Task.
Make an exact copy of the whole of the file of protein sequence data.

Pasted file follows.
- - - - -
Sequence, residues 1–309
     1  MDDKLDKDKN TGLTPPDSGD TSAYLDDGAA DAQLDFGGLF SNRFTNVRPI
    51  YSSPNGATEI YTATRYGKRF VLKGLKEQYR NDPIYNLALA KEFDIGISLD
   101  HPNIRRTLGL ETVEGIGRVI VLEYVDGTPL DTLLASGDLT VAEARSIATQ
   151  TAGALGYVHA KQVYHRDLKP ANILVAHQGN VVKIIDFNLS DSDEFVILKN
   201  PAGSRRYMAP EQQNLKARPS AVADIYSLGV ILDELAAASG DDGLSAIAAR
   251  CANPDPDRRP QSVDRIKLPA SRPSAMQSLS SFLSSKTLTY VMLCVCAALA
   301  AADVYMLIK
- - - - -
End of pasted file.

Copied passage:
Sequence, residues 1–309
     1  MDDKLDKDKN TGLTPPDSGD TSAYLDDGAA DAQLDFGGLF SNRFTNVRPI
    51  YSSPNGATEI YTATRYGKRF VLKGLKEQYR NDPIYNLALA KEFDIGISLD
   101  HPNIRRTLGL ETVEGIGRVI VLEYVDGTPL DTLLASGDLT VAEARSIATQ
   151  TAGALGYVHA KQVYHRDLKP ANILVAHQGN VVKIIDFNLS DSDEFVILKN
   201  PAGSRRYMAP EQQNLKARPS AVADIYSLGV ILDELAAASG DDGLSAIAAR
   251  CANPDPDRRP QSVDRIKLPA SRPSAMQSLS SFLSSKTLTY VMLCVCAALA
   301  AADVYMLIK